A typical seed mixture contains 4 kg red clover along with 8 or 9 kg ryegrass and 1 kg white clover. A large-leaved white clover cultivar should be included because it is more persistent and will replace the red clover as the red clover dies out of the sward. Bearing in mind that red clover seeds are three to four times the size of white clover seeds; 1 kg of white clover seed contains more-or-less the same number of seeds as 4 kg red clover seed. Hence, while it might seem that there is much less white clover in the seed mixture, you can end up with the same number of red and white clover plants in a newly-established sward.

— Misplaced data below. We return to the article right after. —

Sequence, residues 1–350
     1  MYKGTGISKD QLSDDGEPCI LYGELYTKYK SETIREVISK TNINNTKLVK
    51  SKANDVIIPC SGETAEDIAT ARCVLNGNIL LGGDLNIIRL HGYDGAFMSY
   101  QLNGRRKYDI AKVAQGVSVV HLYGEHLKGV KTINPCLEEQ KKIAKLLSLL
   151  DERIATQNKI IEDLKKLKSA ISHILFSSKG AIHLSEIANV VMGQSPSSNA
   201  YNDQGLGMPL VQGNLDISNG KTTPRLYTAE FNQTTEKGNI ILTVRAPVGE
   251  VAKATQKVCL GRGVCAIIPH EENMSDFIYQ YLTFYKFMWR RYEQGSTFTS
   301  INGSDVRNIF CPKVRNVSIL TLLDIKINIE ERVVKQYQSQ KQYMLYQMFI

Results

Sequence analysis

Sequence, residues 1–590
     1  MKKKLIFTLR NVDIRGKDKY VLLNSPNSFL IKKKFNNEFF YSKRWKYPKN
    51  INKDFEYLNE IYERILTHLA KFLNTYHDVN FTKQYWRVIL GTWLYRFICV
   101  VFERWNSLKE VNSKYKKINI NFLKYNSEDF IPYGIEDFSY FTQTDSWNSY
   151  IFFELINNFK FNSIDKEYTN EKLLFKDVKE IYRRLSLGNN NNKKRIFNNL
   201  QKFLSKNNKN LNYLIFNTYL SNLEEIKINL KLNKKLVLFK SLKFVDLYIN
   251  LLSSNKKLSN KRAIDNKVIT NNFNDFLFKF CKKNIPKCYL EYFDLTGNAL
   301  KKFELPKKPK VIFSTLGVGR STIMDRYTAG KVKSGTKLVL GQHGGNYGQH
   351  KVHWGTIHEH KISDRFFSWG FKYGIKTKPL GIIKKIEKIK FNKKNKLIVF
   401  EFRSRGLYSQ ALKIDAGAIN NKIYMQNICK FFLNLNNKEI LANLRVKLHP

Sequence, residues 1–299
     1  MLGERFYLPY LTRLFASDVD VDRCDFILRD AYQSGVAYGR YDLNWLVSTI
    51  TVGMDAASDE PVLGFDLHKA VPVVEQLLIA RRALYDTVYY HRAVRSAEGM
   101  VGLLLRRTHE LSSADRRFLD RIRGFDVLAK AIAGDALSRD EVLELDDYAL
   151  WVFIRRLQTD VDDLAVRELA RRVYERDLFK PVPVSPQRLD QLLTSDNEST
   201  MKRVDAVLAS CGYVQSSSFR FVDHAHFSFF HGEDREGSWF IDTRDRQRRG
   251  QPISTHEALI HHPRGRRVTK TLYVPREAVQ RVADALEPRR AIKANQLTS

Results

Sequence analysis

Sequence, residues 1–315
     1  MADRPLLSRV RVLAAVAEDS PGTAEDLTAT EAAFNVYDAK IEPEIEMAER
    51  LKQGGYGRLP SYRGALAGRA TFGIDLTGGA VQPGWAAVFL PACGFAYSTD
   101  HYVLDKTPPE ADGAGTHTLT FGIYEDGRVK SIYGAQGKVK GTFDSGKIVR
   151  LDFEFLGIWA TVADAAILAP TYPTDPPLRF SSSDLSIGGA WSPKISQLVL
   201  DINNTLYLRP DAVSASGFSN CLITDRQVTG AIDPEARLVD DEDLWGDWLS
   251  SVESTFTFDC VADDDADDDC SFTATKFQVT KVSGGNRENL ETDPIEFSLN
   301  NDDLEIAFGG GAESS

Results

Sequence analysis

Dock control during reseeding is very important. Post-emergence herbicide control of docks can give very effective control that persists for the lifetime of the sward (10 years) and is vastly more cost-effective and eco-efficient than trying to control docks in older swards. The availability of suitable post-emergence herbicides was restricted during 2021. It is anticipated that they will be available under derogation in 2022.
Other measures to promote longevity
Other key management practices for promoting longevity is zero N fertilizer input, maintaining adequate potassium (K) and phosphorus (P) fertilization, avoiding damage by machinery and animal hooves and adequate lime application. Nitrogen fixation is a biological process and therefore soil pH in the range of 6.5 to 7.0 is optimum.